The first toy trains were made from lead and had no moving parts. Some had wheels which flipped, but these had to be pushed or pulled. Some of the early 19th-century push toy rails were made from tinplate, like the big, durable, stylized locomotive toys in the U.S., which were painted gold and red and decorated with hearts and flowers. model trains n scale
Around 1875, technological improvements in materials and manufacturing allowed tin to be stamped, cut, rolled, and lithographed faster than ever before.
Toy trains were altered when Märklina German firm which specialized in doll house accessories, sought to make an equal toy for boys where a continuous revenue stream could be guaranteed by selling add-on accessories for decades after the first purchase. Along with boxed sets containing a train and monitor, Märklin offered additional track, rolling stock, and buildings offered separately, creating the predecessor to the modern model train layout featuring buildings and scenery along with an operating train.
Electric trains adopted, with the first appearing in 1897, made from the U.S. firm Carlisle & Finch. As residential use of power became more prevalent in the early 20th century, electrical trains gained popularity and as time went on, these electrical trains grew in sophistication, gaining light, the ability to change management, to emit a whistling sound, to smoke, to remotely couple and uncouple cars as well as load and unload cargo. Toy trains from the first half of the 20th century were frequently made of lithographed tin; later trains were frequently made mainly of plastic.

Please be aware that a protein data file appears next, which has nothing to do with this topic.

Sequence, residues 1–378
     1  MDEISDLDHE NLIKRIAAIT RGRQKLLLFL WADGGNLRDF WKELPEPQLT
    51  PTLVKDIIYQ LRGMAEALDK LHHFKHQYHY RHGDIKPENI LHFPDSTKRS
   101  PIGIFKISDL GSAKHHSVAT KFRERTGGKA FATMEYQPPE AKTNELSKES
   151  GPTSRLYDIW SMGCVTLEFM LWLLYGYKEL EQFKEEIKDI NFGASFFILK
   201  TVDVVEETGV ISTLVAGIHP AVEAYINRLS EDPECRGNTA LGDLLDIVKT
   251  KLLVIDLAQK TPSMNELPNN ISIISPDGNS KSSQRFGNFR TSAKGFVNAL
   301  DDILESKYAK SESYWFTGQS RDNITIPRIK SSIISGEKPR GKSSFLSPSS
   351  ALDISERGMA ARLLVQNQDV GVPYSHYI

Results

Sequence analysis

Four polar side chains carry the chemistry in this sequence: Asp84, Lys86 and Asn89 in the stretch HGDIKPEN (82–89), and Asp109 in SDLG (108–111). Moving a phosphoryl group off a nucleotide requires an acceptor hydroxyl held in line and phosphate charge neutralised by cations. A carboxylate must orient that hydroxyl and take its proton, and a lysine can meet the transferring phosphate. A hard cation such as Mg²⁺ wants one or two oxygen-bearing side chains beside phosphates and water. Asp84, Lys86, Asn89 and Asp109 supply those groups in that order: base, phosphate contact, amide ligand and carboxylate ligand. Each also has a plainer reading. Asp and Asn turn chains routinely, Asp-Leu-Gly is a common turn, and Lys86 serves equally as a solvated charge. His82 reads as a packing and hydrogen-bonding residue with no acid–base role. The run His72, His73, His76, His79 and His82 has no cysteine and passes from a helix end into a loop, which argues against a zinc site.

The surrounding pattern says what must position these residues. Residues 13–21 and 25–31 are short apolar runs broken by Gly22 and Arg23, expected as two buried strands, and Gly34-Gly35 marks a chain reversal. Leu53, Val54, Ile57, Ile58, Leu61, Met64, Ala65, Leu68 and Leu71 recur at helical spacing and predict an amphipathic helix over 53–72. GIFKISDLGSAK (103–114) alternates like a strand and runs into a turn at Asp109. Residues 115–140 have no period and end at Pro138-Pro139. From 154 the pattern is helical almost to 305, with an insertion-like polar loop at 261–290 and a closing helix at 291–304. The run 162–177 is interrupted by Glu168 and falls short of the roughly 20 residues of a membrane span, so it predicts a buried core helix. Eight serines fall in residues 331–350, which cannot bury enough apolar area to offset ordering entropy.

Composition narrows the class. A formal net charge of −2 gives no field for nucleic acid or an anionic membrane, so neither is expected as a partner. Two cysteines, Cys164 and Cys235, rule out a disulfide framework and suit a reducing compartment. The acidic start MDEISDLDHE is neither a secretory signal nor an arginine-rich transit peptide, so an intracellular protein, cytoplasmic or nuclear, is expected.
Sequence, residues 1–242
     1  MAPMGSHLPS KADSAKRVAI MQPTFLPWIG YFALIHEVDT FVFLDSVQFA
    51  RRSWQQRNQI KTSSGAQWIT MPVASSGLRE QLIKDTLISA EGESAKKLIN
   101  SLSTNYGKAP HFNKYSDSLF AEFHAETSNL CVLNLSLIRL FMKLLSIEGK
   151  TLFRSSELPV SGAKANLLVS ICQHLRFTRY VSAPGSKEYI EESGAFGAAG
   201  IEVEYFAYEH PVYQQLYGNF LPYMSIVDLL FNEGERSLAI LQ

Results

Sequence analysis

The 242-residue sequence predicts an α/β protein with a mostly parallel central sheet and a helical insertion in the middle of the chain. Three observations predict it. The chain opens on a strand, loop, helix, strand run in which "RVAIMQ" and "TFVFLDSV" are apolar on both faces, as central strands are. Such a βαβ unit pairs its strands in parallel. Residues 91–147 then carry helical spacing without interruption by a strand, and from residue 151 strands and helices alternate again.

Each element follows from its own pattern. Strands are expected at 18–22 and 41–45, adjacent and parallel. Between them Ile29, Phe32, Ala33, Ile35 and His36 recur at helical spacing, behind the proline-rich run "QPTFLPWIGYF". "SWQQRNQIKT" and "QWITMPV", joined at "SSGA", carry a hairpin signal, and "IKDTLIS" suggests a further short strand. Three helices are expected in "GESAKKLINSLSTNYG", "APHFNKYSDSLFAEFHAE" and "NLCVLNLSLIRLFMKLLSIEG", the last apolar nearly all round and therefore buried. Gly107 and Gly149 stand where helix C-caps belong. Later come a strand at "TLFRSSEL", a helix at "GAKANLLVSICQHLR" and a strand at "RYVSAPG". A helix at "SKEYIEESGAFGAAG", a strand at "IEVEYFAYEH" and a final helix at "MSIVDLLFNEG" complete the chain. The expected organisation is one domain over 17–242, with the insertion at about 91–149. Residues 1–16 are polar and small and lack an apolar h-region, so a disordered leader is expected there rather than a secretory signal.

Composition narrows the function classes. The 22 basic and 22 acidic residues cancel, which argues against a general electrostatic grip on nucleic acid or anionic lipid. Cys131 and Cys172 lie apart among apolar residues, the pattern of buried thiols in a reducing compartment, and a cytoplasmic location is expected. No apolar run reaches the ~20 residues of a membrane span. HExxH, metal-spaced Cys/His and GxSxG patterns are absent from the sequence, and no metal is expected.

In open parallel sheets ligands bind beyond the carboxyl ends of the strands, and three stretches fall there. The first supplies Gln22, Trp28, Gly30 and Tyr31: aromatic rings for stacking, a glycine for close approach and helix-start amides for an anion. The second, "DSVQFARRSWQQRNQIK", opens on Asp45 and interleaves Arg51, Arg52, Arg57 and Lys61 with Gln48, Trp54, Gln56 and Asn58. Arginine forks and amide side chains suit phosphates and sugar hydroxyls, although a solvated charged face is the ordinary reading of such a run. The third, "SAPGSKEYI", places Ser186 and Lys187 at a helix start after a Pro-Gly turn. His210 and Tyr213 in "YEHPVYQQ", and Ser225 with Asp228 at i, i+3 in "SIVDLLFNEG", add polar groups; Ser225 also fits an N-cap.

Pull toys and wind-up trains were marketed towards kids, while electrical trains were marketed towards teenagers, particularly teenaged boys. It was during the 1950s that the modern emphasis on realism in model railroading began to catch on.
Now, S gauge and O gauge railroads are still considered toy trains by their adherents and are often accessorized with semi-scale model buildings by Plasticville or even K-Line (who owns the rights to the Plasticville-like buildings created by Marx from the 1950s to the 1970s). However, as a result of their high price, one is more inclined to find an HO scale or N scale train set at a toy store than an O scale set.
Many modern electrical toy trains contain sophisticated electronic equipment which exude digitized sound effects and permit the operator to safely and easily run multiple remote controller trains on a single loop of course. In recent decades, many toy rail operators will operate a train with a TV camera at the front part of the motor and hooked up to a screen, such as computer monitor. This will show an image, similar to that of a genuine (smaller size) railroad)
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